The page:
John Bew is a New Statesman contributing writer. His most recent book, Realpolitik: A History, is published by Oxford University Press.
Rifkind’s genteel new book, Power and Pragmatism, is a beguiling memoir.
The possiblity of the UK becoming a more dynamic actor is an exciting one – but the prospect of the union breaking up is feared in the US.
In Scotland and Northern Ireland, it was economic self-interest and inherent caution that ultimately trumped nationalism. Will England do the same?
The Labour MP and humanitarian I came to know was the type of person who would restore one's faith in politics.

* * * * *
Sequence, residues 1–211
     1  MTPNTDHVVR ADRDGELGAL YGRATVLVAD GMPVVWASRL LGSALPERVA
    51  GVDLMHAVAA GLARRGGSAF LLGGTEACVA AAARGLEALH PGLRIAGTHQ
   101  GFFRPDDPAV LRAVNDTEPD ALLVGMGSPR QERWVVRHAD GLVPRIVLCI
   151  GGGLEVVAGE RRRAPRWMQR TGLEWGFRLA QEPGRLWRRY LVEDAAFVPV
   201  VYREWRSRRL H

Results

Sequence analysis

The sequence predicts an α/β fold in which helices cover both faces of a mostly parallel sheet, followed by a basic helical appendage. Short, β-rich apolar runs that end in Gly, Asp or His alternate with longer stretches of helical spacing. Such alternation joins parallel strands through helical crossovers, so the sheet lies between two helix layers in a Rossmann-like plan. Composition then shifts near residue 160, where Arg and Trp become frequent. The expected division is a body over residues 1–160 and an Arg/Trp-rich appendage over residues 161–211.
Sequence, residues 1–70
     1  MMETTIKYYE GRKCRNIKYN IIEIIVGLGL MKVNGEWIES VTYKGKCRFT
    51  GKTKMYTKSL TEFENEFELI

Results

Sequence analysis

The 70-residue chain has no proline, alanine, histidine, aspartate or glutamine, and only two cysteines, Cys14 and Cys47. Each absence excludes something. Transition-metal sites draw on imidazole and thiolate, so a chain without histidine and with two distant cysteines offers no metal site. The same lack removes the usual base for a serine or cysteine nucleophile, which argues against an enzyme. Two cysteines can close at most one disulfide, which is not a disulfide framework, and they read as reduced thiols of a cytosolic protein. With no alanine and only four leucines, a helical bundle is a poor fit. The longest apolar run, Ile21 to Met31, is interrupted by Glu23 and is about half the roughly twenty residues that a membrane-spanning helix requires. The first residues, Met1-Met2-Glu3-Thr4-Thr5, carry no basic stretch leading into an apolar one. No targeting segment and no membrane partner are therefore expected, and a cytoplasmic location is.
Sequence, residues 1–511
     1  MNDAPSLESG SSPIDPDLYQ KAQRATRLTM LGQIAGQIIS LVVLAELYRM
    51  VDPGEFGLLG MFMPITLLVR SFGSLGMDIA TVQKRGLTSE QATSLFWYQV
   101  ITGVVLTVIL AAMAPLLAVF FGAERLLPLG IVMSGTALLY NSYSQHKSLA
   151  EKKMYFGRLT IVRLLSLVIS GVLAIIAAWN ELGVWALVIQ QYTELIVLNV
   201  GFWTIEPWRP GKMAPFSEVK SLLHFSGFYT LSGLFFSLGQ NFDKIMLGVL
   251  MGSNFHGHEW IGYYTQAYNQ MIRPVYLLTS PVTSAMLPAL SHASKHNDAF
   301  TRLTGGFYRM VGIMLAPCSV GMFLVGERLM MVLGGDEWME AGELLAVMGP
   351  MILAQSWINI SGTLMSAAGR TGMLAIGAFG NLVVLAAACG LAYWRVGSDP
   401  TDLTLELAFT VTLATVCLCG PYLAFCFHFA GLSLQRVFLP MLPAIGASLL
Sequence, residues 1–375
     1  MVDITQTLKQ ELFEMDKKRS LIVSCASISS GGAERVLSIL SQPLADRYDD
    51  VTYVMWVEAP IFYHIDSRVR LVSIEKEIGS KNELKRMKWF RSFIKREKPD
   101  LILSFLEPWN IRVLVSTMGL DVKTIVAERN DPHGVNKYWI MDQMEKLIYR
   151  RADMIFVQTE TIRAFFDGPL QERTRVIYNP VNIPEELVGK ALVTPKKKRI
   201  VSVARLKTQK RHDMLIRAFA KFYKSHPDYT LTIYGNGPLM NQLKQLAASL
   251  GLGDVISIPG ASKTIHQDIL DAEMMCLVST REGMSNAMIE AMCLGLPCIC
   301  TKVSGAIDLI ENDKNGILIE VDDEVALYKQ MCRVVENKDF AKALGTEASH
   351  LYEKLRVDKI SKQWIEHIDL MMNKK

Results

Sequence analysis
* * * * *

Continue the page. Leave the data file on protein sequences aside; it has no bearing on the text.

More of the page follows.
A group portrait of the leaders of the 1916 Easter Rising in Ireland reviewed.
The “Atlantic bridge” between the US and the UK looks creakier than anyone could have predicted.
Jeffrey Goldberg’s 20,000-word write-up of his series of interviews with Obama in the Atlantic makes for fascinating reading. But what does it tell us about the president's strategies?
The British take a perverse pleasure in glorious defeat, as Heroic Failure and the British by Stephanie Barczewski examines.
If the line between peace and war is being blurred, so is that between fact and fiction.
If Britain has a declared interest in curtailing Islamic State and stabilising Syria, it is neither honourable nor viable to let others intervene on our behalf.
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